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Jeff Kinney Isn't Kidding About How 'Wimpy Kid' Came to Life

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By Bob Thompson
Washington Post Staff Writer
Tuesday, March 3, 2009

"Awesome! Awesome! Awesome!" the boy says. The famous author just keeps smiling.

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And why the heck would Jeff Kinney be doing anything else?

Three years ago, Kinney was a failed cartoonist who couldn't get in the door at a comics convention. Literally. When he arrived at New York Comic Con -- where he was hoping to show off a sample of the half-cartoon, half-prose opus he had worked on for eight years -- he discovered that the convention was sold out.

Giving up and going home was an option he seriously considered.

Now he's sitting in the Fairfax Borders on a Saturday afternoon, slapping hands with fourth-grader Brian Cheng ("Awesome!") and basking in the adulation of hundreds of other young fans. Kinney will spend a happy couple of hours signing their newly purchased copies of "Diary of a Wimpy Kid," "Diary of a Wimpy Kid: Rodrick Rules," a "Wimpy Kid" do-it-yourself book and the latest in the series, "Diary of a Wimpy Kid: The Last Straw."

There are now more than 11 million "Wimpy Kid" books in print, Kinney's publisher, Harry N. Abrams, reports.

None would likely exist if Kinney hadn't persevered that weekend in February 2006.

Parents, librarians and teachers wouldn't be lauding his work as a magic bullet for reluctant readers. He would have no contract for books four and five. Twentieth Century Fox wouldn't be auditioning kids 10-13 for the role of main character Greg Heffley in a live-action film. (Are you "slight and skinny, physically unprepossessing, not overly cute or precious, with a quirky, memorable face"? Check out www.iamthewimpykid.com.)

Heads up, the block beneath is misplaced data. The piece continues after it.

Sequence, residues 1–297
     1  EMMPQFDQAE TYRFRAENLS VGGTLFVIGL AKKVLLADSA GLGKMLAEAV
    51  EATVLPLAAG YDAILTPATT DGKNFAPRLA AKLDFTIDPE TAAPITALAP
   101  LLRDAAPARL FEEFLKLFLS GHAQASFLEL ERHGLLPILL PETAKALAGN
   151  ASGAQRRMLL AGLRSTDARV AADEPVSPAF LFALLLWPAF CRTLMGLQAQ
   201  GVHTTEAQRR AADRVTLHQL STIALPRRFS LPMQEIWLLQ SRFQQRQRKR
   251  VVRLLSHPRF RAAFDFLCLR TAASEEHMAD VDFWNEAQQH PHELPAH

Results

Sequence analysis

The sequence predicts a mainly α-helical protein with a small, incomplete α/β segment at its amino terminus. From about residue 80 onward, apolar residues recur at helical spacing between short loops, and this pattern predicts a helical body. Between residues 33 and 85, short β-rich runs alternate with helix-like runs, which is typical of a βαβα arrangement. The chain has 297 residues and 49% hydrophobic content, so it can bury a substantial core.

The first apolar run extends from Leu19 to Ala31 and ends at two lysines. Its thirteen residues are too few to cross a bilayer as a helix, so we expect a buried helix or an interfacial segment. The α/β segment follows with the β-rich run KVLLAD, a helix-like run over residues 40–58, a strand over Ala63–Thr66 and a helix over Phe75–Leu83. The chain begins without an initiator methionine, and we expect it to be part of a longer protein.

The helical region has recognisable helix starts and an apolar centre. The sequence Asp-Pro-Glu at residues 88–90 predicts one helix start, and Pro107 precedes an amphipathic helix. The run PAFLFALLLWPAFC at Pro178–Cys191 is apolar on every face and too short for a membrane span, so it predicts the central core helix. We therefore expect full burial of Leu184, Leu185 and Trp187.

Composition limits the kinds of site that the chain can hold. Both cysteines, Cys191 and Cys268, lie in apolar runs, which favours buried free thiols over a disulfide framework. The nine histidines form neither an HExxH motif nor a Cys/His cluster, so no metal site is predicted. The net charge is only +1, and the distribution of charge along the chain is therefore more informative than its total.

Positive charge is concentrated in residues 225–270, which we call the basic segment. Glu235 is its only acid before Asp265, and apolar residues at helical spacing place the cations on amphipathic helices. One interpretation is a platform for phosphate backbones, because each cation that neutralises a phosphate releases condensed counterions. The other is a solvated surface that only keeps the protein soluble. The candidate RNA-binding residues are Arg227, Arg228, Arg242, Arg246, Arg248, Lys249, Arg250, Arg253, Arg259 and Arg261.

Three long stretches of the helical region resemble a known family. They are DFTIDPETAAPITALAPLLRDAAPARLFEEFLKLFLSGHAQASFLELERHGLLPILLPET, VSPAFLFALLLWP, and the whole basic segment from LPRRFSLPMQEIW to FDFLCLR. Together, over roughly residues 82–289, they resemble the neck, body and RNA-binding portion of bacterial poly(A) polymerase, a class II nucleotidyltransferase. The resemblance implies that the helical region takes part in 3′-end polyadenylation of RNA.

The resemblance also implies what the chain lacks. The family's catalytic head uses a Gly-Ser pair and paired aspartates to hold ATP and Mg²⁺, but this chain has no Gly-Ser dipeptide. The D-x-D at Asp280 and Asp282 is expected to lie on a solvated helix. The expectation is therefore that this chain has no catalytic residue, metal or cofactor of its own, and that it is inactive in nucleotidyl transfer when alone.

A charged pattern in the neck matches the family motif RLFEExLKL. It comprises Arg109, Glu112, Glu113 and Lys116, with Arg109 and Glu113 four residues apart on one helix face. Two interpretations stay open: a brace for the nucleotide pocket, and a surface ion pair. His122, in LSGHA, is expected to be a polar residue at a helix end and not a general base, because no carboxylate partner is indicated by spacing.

The "Wimpy Kid" saga, already congealing into myth, is full of such unlikely turning points. There's what Kinney calls the "accident" that got him started cartooning two decades ago. An inspirational billboard message plays a part. So does a Billy Joel concert.

But here's the most unlikely thing by far:

Throughout those eight years before Comic Con, as Kinney was creating what would become one of the most successful kids series ever published, he thought he was writing for adults.


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